VW Polo DIY: Removing / upgrading the instrument cluster-range.jpg

    The cluster is also capable of displaying HU information such as radio channels, track currently being played etc. and phone contacts, call information, range, battery life of the device connected etc via Bluetooth. However these features need to be activated via VCDS. Once I get them up and running (hopefully in a few days' time), I shall post it here.

  • DIY Experience:

    Pretty good I'd say. It always feels good to dismantle things and assembling it yourself, getting stuck at some point, scratching the head over it, referring to the owner's manual, online VW workshop manuals or YouTube videos (just like how you'd refer to a game's walkthrough if you would get stuck somewhere). Of course, one can always get it done by a qualified aftermarket garage, be a bystander and pay them a fee. As far as possible, I'd love to get things done by myself. It's super fun and can teach us a thing or two.

  • Warranty Issues:

    For the petrol variants, this is an acceptable swap. In any case, no stock cables or connectors were cut/spliced. An additional cable was inserted into the connector which can always be removed if the need arises. The cluster is swapped retaining the stock one so this mod is perfectly reversible if the need arises (the odo reading on the stock cluster has to be corrected however). It is only when the cluster is used in the diesel engine variants, the lack of the glow plug warning can be bothersome. This light flashes for a second when the key is turned before cranking the engine but the light can flash for a longer period during cold weathers (indicating that the glow plug is heating). So please keep this in mind before attempting the swap.

Big shout-out to my roomie Moorthy for helping me with clicking the snaps, tools and shining the torch. And the community for all the support. This also brings up my 1000th post on the forum!

Last edited by Gannu_1 : 28th July 2014 at 09:12.
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Old 28th July 2014, 11:44   #4
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Default re: DIY: VW Polo - Removing / upgrading the instrument cluster

Thread moved from the Assembly Line (The "Assembly Line" Forum section) to the Initial Ownership Section. Thanks for sharing!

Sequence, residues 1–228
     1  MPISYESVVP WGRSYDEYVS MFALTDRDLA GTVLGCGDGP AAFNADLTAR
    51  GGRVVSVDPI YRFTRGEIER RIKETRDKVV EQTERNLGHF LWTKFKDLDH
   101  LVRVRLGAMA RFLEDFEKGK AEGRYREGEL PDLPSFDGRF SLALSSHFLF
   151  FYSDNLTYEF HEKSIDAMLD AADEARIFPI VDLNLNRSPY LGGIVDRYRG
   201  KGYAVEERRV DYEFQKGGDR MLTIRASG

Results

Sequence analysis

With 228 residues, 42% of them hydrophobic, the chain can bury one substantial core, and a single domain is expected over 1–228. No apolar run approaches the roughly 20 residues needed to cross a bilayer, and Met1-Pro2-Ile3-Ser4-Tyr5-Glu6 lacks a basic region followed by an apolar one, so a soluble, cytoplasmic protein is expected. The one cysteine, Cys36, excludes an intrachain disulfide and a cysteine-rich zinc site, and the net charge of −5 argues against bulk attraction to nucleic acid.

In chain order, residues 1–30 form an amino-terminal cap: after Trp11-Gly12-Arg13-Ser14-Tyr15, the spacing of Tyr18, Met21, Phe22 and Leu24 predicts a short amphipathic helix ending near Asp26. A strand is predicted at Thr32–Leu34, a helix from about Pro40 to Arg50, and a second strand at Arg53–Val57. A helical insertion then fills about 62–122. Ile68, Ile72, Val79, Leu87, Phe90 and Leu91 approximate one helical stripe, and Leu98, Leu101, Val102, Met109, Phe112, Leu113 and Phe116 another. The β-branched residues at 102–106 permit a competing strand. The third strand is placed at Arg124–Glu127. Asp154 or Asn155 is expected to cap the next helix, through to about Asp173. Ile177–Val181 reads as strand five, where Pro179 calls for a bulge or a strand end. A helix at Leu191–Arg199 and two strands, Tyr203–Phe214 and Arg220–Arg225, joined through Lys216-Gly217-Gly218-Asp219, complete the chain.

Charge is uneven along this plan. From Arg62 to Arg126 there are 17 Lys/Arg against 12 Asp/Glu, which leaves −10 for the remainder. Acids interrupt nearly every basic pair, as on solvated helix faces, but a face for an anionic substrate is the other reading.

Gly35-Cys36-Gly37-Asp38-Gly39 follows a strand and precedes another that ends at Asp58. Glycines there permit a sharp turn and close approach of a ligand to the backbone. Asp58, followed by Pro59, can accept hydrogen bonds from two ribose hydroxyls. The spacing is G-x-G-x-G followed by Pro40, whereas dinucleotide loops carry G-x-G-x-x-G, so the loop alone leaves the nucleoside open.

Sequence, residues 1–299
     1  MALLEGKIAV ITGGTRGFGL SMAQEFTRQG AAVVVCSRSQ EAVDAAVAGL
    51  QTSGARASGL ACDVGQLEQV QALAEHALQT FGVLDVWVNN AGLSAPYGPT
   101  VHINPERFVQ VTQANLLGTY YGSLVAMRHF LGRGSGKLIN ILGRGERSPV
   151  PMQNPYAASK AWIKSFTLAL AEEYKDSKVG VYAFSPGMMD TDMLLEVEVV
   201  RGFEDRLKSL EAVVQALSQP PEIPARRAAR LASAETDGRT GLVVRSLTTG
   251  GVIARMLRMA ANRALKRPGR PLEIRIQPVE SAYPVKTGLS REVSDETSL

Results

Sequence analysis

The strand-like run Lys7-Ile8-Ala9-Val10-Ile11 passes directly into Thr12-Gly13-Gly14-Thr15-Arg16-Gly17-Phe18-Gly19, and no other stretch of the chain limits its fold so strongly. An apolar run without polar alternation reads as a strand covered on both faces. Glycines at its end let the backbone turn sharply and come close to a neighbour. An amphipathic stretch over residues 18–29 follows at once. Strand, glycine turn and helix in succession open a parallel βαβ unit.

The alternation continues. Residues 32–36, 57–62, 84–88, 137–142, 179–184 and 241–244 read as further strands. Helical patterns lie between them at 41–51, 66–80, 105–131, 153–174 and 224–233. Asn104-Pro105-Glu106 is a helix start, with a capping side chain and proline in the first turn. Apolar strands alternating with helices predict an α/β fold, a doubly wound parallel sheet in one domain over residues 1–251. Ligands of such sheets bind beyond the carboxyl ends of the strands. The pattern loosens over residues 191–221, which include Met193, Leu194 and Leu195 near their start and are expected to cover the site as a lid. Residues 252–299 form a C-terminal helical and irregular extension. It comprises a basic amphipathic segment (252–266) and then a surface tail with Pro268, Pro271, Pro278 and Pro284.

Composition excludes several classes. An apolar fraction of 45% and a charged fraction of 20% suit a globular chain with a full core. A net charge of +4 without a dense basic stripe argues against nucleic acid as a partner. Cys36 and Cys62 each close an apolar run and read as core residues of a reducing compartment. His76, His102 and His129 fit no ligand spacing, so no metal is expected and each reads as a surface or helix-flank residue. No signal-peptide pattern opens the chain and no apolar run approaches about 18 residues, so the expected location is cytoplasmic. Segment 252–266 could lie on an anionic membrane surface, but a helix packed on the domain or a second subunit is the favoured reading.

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Old 28th July 2014, 12:01   #5
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Default re: DIY: VW Polo - Removing / upgrading the instrument cluster

Another addition to DIY list from Gannu. Good to see people who loves to, and has the patience to do such DIYs and mods. Great work, keep it up!
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Old 28th July 2014, 12:24   #6
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Default re: DIY: VW Polo - Removing / upgrading the instrument cluster

Quote:
Originally Posted by Gannu_1 View Post
Big shout-out to my roomie Moorthy for helping me with clicking the snaps, tools and shining the torch. And the community for all the support. This also brings up my 1000th post on the forum!
Congrats. I see a "Distinguished BHPian" in the making.

Quote:
Originally Posted by ajaypjayaraj View Post
Another addition to DIY list from Gannu. Good to see people who loves to, and has the patience to do such DIYs and mods. Great work, keep it up!
Not just love and patience, you also need a lot of $$$. I'd love for Gannu_1 to make a list of all this DIYs so far and put the cost incurred against each of them. The total will be a BIG number.
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Old 28th July 2014, 12:31   #7
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Tell me about it! We prefer to not think much about those big numbers. Mostly, the family does the thinking and sometimes even talking part for you
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Old 28th July 2014, 13:32   #8
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Default re: DIY: VW Polo - Removing / upgrading the instrument cluster

Nice one Gannu. As requested, it would be nice to have a list of all the mods and the damages to each of them. I bet you could get a decent car for that total
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Old 30th July 2014, 06:52   #9
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Default Re: DIY: VW Polo - Removing / upgrading the instrument cluster

Good Work Gannu_1, this is turning out to be like building a jeep from scratch.

Reminds me of, "Jeeps are not bought, they are built"!

Cheers

Ok, the numbers as calculated from the posts in the forum,(I know I am jobless)

$583.16 (Rs. 41210) + Rs. 1890 (customs duties) + Rs. 826 (DTDC shipping charges) - VW Polo - Removing / upgrading the instrument cluster
12.4k - VW Polo DIY: OEM front armrest
12,905 - VW Polo DIY: Euro-spec Tail lamps
5181.06 - DIY - Installing the OEM Sharkfin Antenna on a VW Polo
(800-900) - VW Polo DIY - Adding a lamp to the glovebox
??? - VW Polo: Rear neck-restraint replacement

total- Approx 75k

Did I miss anything?

Last edited by batterylow : 30th July 2014 at 07:13. Reason: Additional data
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Old 30th July 2014, 08:56   #10
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Default Re: DIY: VW Polo - Removing / upgrading the instrument cluster

I am wondering why would the MFD control not working via the steering wheel mounted buttons?